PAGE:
‘I’ve got to be honest with you,’ I whisperto Denis with some trepidation as he leads me into the main gallery space, ‘I’ve never actually been here before.’ Even as the confession trickles from my lips, I’m not sure why I feel the need to tell him. There are lots of places I’ve written about after only one visit. Restaurants. Breweries. Entire neighbourhoods. And yet here,at The Canadian Clay & Glass Gallery in Uptown Waterloo, walking with the Gallery’s Executive Director and Chief Curator, Denis Longchamps, I feel compelled to divulge this (surely) innocuous transgression. 

Maybe it’s because from a young age I was taught that a city tour (whether in Europe, or the States, or closer to home) is never complete without a museum or gallery visit. Maybe it’s because this place, with its high ceilings and poured concrete walls, stained glass and natural light, bears more than a fleeting resemblance to a medieval cathedral– that is, to a literal place of confession. And maybe, just maybe, it’s because this gallery – planted firmly in the heart of Uptown Waterloo, along the edge of Waterloo Park – has beenin my mind ever since my dad, a retired Film Studies and English Lit prof, championed this ambitious project back when it was being imagined. Whatever the case, the words are out. And, lucky for me, Denis is the forgiving type. 

‘You aren’t the only one,’ Denis chuckles through a distinctly Quebecois accent. ‘When I took over as Executive Director, I heard from many folks that they didn’t even know we existed. Indeed, at least three individuals I spoke with thought the Gallery was a high school.’ He pauses for a second, pondering his next words, before uttering them with certainty: ‘I’m here to change all that.’ Indeed, he is – and has been.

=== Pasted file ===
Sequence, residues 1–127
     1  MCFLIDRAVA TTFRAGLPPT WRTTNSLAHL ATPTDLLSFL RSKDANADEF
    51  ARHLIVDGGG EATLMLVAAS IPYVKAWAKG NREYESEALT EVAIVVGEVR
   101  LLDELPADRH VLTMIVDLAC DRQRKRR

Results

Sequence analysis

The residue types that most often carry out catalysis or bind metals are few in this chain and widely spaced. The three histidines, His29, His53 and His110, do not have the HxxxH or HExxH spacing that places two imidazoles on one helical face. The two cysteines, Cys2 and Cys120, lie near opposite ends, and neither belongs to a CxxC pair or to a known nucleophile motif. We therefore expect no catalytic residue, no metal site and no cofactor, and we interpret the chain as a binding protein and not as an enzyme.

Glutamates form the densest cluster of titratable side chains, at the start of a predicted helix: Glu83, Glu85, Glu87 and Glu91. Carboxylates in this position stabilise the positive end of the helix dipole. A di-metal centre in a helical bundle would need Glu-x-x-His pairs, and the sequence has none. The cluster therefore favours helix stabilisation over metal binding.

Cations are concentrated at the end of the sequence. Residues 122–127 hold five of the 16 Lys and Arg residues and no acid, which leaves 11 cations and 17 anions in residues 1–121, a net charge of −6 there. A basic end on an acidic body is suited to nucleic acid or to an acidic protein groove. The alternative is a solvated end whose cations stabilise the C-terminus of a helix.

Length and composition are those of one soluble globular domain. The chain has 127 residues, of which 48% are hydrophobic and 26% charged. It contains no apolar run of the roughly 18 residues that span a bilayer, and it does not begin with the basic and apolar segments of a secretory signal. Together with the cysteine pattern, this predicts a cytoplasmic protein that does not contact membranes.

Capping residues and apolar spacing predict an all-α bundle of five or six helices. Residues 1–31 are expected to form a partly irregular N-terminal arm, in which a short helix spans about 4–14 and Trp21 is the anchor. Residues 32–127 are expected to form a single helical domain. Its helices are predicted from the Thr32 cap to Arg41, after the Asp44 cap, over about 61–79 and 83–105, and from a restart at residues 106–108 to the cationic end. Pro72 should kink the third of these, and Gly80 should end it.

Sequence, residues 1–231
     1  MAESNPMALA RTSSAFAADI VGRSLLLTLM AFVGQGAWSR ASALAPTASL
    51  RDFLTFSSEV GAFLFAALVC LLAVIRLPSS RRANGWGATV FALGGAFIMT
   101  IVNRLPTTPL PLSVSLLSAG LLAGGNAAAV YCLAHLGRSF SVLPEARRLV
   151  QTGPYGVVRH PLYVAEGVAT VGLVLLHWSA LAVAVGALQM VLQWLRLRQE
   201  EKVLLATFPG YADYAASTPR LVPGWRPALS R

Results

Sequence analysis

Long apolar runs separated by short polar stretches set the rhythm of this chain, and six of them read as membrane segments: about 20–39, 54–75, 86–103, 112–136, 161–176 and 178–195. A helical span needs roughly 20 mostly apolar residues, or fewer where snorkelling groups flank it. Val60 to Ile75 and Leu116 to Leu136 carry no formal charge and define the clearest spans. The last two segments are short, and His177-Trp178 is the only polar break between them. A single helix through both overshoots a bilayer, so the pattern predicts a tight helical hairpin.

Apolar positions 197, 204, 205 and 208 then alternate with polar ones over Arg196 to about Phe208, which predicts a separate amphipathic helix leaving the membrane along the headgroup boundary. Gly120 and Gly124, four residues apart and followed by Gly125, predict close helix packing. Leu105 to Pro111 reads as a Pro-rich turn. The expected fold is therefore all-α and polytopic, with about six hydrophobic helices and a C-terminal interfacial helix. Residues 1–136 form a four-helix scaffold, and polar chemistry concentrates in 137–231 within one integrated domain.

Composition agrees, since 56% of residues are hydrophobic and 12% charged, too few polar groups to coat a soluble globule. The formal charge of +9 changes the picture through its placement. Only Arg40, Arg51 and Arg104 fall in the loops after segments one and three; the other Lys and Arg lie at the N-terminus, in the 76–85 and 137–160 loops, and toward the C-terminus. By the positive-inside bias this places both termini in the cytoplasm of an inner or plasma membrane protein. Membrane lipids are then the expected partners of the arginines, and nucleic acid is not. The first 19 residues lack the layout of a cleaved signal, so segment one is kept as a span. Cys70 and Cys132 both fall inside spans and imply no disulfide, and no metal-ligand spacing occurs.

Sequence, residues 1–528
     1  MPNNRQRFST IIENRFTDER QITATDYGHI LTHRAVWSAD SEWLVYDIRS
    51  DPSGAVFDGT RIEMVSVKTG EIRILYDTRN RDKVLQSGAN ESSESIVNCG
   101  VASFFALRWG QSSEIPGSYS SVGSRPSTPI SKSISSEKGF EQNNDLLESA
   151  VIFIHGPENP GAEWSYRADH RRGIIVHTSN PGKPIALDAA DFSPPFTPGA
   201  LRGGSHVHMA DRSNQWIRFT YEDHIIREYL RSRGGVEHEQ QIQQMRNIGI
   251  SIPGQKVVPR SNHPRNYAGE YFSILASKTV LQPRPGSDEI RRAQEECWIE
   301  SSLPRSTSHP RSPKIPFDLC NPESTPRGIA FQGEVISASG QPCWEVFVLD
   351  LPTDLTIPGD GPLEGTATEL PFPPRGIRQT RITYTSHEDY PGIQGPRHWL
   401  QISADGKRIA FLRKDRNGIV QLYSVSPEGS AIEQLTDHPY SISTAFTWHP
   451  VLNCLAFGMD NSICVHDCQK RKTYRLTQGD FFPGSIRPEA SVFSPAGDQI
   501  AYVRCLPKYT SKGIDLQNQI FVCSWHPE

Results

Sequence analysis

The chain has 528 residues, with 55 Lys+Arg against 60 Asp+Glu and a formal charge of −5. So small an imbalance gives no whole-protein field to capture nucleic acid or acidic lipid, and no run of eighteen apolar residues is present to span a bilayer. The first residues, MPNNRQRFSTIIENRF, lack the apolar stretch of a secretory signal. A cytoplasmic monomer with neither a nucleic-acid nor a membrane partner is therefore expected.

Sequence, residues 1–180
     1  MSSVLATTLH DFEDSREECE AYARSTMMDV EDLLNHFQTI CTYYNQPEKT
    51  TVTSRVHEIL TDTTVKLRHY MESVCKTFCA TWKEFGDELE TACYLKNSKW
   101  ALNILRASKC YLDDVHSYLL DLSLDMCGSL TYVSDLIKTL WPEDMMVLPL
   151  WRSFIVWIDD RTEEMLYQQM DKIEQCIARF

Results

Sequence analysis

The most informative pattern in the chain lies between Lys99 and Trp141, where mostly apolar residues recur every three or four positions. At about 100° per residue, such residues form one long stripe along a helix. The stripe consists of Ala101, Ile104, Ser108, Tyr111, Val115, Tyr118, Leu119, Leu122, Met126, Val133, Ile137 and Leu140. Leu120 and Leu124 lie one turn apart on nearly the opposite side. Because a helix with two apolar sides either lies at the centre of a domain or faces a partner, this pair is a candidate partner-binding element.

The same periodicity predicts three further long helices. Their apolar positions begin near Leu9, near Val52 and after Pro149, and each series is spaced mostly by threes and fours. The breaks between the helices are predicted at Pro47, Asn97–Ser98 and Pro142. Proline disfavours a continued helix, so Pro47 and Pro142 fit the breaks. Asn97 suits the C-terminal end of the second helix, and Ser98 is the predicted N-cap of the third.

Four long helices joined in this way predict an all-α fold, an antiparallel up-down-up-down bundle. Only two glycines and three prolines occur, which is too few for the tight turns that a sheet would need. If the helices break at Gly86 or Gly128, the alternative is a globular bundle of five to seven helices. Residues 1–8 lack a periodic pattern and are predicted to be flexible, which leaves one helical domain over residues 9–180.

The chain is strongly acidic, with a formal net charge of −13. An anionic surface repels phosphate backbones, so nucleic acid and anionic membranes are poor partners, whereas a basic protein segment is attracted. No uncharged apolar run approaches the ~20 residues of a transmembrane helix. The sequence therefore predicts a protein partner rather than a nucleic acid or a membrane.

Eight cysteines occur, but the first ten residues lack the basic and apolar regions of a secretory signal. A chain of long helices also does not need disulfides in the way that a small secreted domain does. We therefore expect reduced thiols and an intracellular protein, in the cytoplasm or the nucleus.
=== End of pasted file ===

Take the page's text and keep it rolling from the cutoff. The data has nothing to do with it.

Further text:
As we enter the main gallery – a glorious open space with sloped wood-slatted ceiling, large windows and a fantastic array of rose window stained glass on display – Denis elaborates: ‘My primary mission is to re-introduce the Gallery to our community: to create a groundswell of excitement about the place.’ He continues:‘It’s not enough that the Gallery is free tovisit. Instead, there should be no confusion about the fact that this is an hospitable place– an entertaining and cultural destination that individuals, friends, and families think about when they’re deciding what to take in around the region.’ 

And how does one manage this re-introduction? ‘In small steps,’ Denis replies, unreservedly optimistic. ‘And from day one.’ Indeed, during the very first week that Denis began his job at the Gallery, he installed, in the otherwise empty front foyer, children’s art tables generously equipped with paper and colouring tools. ‘The very day we set up the tables,’ Denis recalls, ‘there was a line of kids waiting to get creative at them.’ A line of future artists, visitors, collectors, donors. At around the same time, Denis set up a community gallery in the main foyer and moved the staffed front desk – at the time directly facing the main entrance – off to the side of the foyer space. ‘I wanted it to be less imposing – and more welcoming.’ Mission accomplished, then.